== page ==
• Thomas Milus, PhD

Can We Talk?

Prior to eight months ago, most of us had daily lives that involved other people. We didn't always recognize it, but it was there. People you passed on the street or in the store, people in line with you at the coffee shop or the bank, there was (is) a separation. Although those who wear masks lose the capacity to communicate part of their humanity, they do communicate a shared belief and value: a threat exists and potential safety. Those not wearing masks on the other hand seem to send a message that they don't believe there is any risk, or that they don't care. In either case, they signal that they do not share the same beliefs and values.


Nearly every business has markers reminding us and designating how far we should be from one another. Tables in restaurants are reduced to 25% of their pre-Covid numbers. Many places have large plexiglass shields between the customers and store employees at the checkout counters. Healthcare workers often wear masks in addition to some type of plastic face shield.


Everywhere we look, or go, we are reminded that it is potentially dangerous to be together. Every person is potentially a carrier of a potentially deadly virus. Except, the "potentially" part is not always remembered. And yet, we are a social species. We need each other. We need to be together. We need to "see" each other; our faces, our smiles and other signs communicating that we acknowledge one another beyond eye contact above a mask.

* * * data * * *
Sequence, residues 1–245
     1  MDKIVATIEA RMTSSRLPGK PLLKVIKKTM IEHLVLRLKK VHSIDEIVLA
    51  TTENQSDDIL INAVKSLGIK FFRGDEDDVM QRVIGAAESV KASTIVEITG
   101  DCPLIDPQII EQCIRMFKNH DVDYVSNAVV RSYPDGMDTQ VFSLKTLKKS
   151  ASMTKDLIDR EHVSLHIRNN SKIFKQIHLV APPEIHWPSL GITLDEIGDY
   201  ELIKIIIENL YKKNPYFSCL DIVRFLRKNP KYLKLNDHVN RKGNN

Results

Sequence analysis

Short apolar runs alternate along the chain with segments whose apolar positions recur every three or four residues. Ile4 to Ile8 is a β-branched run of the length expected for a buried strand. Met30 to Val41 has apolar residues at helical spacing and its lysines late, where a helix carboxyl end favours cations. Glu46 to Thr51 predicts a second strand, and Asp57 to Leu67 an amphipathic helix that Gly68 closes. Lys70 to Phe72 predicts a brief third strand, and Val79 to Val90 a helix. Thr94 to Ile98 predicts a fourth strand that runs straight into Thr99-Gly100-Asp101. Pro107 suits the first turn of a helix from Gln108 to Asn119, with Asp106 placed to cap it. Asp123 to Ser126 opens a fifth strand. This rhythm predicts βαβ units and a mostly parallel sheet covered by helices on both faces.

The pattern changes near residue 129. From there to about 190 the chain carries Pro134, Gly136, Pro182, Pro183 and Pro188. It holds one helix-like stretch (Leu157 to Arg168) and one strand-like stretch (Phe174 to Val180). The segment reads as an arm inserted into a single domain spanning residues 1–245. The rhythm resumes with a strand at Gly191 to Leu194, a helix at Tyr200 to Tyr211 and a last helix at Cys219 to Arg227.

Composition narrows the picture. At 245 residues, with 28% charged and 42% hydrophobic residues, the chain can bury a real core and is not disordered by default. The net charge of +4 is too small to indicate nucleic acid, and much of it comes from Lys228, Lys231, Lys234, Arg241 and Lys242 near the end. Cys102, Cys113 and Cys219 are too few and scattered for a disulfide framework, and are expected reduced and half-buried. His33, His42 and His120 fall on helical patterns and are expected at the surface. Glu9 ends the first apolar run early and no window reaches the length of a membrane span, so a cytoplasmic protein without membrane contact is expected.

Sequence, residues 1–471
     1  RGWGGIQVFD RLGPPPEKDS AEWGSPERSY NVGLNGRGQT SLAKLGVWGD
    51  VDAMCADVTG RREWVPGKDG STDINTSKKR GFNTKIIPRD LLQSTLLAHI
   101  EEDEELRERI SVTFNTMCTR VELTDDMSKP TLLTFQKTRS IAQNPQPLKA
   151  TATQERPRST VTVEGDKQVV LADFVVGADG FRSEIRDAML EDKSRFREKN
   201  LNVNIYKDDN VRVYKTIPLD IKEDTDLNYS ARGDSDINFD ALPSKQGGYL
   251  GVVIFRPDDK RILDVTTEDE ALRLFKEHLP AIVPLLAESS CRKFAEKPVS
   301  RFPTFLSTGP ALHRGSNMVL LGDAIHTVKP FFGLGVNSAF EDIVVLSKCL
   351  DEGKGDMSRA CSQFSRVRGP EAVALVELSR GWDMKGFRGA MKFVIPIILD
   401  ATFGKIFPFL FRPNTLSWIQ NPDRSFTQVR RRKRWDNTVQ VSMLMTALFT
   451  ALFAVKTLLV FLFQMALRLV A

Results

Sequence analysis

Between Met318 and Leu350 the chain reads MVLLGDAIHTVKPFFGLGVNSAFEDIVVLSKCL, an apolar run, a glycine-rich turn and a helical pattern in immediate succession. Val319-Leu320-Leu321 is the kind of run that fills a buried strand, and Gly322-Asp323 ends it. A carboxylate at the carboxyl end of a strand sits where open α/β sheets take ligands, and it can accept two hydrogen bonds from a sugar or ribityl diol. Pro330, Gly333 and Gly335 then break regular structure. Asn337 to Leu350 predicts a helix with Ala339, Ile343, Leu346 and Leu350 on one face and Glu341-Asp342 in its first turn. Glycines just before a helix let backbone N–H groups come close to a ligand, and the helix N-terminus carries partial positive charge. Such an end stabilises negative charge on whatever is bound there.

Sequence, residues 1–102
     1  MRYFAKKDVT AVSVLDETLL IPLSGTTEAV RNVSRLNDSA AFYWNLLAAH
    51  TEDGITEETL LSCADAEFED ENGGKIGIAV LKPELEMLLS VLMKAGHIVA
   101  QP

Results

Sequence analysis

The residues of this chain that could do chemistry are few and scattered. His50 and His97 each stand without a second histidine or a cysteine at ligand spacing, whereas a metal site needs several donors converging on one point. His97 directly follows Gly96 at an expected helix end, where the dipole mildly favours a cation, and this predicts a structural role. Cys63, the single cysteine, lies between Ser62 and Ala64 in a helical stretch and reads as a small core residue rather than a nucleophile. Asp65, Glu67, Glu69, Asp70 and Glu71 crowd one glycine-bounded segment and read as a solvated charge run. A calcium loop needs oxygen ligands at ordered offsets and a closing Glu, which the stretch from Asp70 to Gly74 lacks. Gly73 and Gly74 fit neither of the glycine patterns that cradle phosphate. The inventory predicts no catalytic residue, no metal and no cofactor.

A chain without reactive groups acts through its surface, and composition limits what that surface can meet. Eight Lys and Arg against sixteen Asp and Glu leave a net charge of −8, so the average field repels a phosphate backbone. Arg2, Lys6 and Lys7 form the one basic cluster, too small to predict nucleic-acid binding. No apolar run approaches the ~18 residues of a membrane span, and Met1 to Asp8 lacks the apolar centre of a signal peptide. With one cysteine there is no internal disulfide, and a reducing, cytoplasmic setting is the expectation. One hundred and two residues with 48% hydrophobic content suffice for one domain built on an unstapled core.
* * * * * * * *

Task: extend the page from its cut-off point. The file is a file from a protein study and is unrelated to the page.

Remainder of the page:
If Robert Putnam's observations of history, and the current day, we as a nation have been moving into the "all about me" mode for a few decades. The last thing we need is more emphasis on the individual rather than us as a nation. We seem to have a growing inability to tolerate dissenting opinions. It is as if disagreement means argument; argument means that someone wins, and someone loses.


Our individual differences hold the key to the diversity necessary for a viable, self-sustaining social system. Our ability to sit together with the tension generated by our differing opinions is a key to success. We need more dialogue, where we listen to one another without judgment and without any expectation that either of us will convince the other that one is "right" and one is "wrong." We may leave the dialogue unconvinced that we should change our positions, but we will not be the same people we were prior to the dialogue. We can develop a robust appreciation for the other's opinion even though we don't agree. What a concept!!


Willingness to engage in dialogue implies respect for the other. We have not seen many, or any, examples of this in our government or other agencies for many years. There has been a steady decline in respect for dissenting opinions. We might want to consider changing that if we want to see a change in how things are going. The lack of dialogue is much like wearing a mask. Just as a mask obscures our facial communications with others and social distancing separates is, so does a lack of dialogue obscure and separate us about our perspectives on the world.